a set of bold measures to strengthen the resiliency of our food system in the face of shocks like COVID-19, extreme weather induced by climate disaster, or the spike in fuel prices following the Russian invasion of Ukraine. This is a historic and exciting announcement, demonstrating the agency’s shift towards adopting holistic, transformational, and regional food systems planning with a special focus on justice and resiliency—components which for decades food systems experts and activists have called for from the nation’s food system leaders. To address conventional agriculture’s high input-dependence and populationally remote settings, the USDA will invest $300M into helping farmers transition to Organic practices and $75M to support urban agriculture. More schoolchildren, SNAP-dependent families, and seniors will see improved access to organic fresh vegetables by connecting families directly with farmers and treating food as sustentive medicine not dangerous calories. Millions are being put into regional food business centers, food waste reduction programs and opportunities to establish cooperative, value-added processing for small and midsized producers. Indeed, the USDA is showing that it recognizes the ills of letting industry consolidate sectors by investing $400M to bring back independent meat processing facilities.
While the announcement is much welcomed there remain critical gaps in various sectors. Transportation is largely unaddressed, a sector responsible for about a tenth of emissions in the food sector and more than one fourth in general (the largest share). Today, many of us get in our cars to go to the grocery stores, freight trucks pass us by on the freeway, and farmers drive vans loaded with produce hundreds of miles to farmers markets. The IPCC has warned we must rapidly transition off a dependence on fossil fuels; and electrification won’t solve it alone. By supporting urban agriculture and making farming familiar in a regional food system, however, much of this strain can be addressed. Consider the humble bicycle. Each Saturday this past year, using a bike trailer borrowed from the food bank parking lot, I biked anywhere from 30lbs to 140lbs through the hilly streets of Seattle delivering groceries to food insecure and mobility impaired households. We also picked up food waste from grocery stores and transported meals and groceries to nearby “community fridges.” These impromptu food hubs were oriented towards food insecure households, yet easily could be adapted to the market.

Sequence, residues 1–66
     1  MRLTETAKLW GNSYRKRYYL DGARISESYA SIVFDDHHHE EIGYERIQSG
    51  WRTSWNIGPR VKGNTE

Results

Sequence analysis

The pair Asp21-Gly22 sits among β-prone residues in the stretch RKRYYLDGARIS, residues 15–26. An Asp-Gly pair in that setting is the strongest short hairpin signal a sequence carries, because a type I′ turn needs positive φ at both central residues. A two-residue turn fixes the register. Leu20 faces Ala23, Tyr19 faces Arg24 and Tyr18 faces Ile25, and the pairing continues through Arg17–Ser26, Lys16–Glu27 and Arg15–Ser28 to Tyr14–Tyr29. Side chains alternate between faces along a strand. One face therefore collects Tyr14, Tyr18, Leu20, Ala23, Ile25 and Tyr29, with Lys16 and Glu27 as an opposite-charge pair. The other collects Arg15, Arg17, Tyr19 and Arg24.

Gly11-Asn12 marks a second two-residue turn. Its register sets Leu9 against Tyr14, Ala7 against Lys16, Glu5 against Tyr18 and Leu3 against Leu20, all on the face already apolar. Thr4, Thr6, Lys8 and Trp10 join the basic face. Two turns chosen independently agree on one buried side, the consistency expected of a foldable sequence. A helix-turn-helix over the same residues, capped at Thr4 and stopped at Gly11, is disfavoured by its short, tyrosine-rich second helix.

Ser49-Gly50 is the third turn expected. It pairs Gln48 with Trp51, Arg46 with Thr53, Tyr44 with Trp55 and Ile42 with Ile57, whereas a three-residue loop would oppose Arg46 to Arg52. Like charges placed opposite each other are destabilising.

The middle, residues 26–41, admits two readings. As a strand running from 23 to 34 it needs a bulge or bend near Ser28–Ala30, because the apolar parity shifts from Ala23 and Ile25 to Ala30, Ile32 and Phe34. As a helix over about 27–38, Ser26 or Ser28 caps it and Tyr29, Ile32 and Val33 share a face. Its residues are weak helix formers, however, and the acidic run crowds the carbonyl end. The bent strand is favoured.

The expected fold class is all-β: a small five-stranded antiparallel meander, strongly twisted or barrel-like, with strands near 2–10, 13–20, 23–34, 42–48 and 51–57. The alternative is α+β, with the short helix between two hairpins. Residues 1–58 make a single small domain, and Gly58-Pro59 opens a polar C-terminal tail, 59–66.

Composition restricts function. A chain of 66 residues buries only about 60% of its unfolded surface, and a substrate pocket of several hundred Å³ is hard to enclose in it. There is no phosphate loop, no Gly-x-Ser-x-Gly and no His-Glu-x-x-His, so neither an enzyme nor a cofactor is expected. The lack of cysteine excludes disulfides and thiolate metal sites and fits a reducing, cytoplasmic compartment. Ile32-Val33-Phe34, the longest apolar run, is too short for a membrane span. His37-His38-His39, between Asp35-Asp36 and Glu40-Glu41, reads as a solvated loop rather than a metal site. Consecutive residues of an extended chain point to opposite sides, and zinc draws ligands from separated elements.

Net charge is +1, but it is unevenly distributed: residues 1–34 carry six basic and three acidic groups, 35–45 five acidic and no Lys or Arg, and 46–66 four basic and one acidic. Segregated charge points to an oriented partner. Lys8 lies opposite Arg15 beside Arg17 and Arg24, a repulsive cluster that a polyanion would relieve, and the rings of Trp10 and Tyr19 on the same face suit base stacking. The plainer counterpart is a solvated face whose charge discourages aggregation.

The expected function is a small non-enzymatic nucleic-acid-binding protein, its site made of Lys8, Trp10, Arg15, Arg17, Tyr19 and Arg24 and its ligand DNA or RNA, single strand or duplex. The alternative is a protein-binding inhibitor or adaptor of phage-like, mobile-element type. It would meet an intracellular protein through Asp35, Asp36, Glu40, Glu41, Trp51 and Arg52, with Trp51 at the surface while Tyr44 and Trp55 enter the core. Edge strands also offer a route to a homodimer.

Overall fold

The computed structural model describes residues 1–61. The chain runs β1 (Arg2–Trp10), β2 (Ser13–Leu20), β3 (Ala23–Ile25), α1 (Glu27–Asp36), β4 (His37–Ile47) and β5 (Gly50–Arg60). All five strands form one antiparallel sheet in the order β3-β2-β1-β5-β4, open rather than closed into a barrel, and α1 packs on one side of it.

Second, while organic practices have often lower negative impacts on environmental health, the department is long overdue to sincerely fund agroecological, no-till, regenerative agriculture and other “carbon smart” farming techniques.
Typically an agency's approach towards handling these gaps is to develop programs—and indeed USDA programs addressing these concerns often already exist. Environmental Quality Incentives Program (EQIP) for example is one of the USDAs largest programs to reduce farmer’s strain on the environment and fund farmers experimenting with or transitioning to agroecological practices. But what’s needed in tandem is larger structural economic and social changes: subsidies and start-up relief are just stop-gaps for a broader need of granting economic value back to agroecological farming—in a conscious manner that avoids further marginalizing the poor. Today, commodity crops earn a third of the cost to make them, but the USDA has not wielded its significant political power to change this, instead opting to support farmers through more programs.
It’s a consideration that mirrors the debate in global health between “selective primary healthcare” of multilateral aid agencies versus the “primary healthcare” mantra established in Alma Ata, the USDA can choose to make programs or fight for structural change. But in fact it is not a dichotomy, programs are a critical component of change.
In the 2023 Farm Bill, we can inscribe the USDA’s "Framework for Shoring Up the Food Supply Chain and Transforming the Food System to Be Fairer, More Competitive, More Resilient,” by adopting transformational economic policies to address corporate consolidation and market failures. Then the USDA’s programs can realize these transformations.
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